• Promote a strong and intentional organizational culture in which teaching staff are empowered, feel valued, and are regularly recognized for their contributions
  • Work with Assistant Principals to develop, implement, and coordinate year-round school curriculum and training, and conduct ongoing assessment to ensure curriculum efficacy

Program Oversight

  • Utilizing knowledge and experience in early childhood development and school administration, work with teaching staff to create long-term plans for children’s academic success
  • Manage people, data processes, and assessments
  • Ensure cultural, linguistic, and familial values and beliefs are incorporated into a positive and welcoming school culture, classroom culture, and lesson plans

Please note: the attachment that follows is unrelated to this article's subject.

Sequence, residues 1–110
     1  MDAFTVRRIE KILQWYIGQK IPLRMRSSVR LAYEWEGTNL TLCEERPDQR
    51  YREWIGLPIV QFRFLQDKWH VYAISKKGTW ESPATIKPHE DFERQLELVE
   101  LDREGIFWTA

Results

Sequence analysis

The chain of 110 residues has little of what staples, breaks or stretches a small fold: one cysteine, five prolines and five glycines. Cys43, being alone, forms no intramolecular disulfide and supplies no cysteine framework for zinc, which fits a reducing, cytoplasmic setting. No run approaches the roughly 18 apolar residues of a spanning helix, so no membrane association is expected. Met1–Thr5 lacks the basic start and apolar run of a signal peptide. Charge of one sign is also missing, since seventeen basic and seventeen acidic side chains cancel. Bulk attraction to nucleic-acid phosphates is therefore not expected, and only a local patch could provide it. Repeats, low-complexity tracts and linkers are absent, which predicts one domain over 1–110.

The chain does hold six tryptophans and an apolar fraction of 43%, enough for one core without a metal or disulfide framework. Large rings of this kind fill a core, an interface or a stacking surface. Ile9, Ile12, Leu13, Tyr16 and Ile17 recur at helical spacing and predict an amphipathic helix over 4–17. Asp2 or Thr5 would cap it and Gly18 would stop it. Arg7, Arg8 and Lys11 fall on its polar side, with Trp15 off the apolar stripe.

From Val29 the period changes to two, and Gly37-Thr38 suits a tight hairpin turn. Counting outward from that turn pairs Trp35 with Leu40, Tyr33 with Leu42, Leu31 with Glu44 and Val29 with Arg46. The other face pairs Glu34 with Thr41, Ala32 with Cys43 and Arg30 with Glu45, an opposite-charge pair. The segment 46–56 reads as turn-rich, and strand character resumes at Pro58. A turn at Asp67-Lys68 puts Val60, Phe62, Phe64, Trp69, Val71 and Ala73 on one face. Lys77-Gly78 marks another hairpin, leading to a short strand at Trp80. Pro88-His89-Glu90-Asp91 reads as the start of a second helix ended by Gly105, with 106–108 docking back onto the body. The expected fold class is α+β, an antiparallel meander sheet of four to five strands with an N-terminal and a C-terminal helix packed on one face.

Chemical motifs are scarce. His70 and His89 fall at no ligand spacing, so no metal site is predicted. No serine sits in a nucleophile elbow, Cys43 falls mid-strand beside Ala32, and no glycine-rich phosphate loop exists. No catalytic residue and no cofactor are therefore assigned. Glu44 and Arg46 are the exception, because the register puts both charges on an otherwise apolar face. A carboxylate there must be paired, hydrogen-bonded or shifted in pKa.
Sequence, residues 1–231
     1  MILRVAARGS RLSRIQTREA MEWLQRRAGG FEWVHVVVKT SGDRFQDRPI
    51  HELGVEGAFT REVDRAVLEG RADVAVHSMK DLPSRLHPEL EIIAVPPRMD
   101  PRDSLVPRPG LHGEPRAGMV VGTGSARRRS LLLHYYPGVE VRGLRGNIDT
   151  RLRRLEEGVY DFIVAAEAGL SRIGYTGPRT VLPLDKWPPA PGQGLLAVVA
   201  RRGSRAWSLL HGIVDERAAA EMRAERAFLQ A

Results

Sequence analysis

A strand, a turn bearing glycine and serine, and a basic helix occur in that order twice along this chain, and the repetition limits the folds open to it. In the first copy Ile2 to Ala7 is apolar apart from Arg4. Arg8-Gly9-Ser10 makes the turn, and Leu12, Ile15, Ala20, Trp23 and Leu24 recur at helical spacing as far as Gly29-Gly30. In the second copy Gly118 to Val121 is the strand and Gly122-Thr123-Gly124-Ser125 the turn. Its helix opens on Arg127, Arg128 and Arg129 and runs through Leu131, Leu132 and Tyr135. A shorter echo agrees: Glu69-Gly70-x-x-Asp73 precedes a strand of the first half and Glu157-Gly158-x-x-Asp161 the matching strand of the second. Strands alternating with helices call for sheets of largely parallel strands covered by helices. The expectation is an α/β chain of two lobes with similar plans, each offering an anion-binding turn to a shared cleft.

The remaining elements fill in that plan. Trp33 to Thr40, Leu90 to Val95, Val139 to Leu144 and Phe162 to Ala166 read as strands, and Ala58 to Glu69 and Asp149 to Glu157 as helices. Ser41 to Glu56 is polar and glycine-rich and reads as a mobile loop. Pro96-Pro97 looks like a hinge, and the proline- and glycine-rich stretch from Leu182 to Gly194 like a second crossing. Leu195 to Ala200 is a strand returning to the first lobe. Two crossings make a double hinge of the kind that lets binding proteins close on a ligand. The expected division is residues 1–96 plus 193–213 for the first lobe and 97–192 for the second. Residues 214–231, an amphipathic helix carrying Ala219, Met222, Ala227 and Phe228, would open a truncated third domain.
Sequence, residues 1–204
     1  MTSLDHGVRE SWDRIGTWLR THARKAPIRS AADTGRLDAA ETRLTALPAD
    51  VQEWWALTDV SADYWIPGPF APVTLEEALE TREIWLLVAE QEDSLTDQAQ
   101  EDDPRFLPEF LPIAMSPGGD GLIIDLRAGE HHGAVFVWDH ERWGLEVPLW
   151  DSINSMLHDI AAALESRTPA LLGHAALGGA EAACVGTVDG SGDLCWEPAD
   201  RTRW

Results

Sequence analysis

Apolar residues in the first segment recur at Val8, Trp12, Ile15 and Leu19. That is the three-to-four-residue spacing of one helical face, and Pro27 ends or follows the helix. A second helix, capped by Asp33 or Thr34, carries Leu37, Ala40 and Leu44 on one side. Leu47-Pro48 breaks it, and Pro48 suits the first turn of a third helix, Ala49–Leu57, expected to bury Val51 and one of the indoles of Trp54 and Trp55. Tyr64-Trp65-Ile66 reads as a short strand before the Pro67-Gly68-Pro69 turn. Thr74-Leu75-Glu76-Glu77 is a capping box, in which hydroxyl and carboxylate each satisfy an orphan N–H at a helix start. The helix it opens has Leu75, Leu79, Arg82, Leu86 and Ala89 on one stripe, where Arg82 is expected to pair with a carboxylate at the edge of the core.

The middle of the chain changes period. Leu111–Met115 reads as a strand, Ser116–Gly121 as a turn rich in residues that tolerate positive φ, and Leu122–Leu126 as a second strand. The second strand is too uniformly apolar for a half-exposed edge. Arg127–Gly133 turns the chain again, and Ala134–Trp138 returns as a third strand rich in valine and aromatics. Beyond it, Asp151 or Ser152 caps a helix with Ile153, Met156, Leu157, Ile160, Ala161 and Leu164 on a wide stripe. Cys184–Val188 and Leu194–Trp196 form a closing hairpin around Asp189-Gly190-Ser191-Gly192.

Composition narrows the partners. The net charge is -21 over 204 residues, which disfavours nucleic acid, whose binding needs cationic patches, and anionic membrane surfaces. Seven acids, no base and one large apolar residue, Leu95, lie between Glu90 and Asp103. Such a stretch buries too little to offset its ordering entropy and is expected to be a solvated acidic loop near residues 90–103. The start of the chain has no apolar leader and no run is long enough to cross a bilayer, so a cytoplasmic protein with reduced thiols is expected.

• Create systematic, integrated opportunities across whole school
  • Oversee wraparound programming and curriculum delivery to ensure each child meets learning expectations that prepare them for success in school
  • Use data to drive instructional practices and differentiate instruction based on students’ needs
  • Help families understand the curriculum and ways they can support their child’s education at home
  • Conduct home visits and family conferences
  • Actively participate in Advisory process of referral and student support
  • Regularly meet with faculty and staff as a whole to discuss and review curriculum

Talent Development

  • Provide consistent and systematic professional development opportunities for teaching staff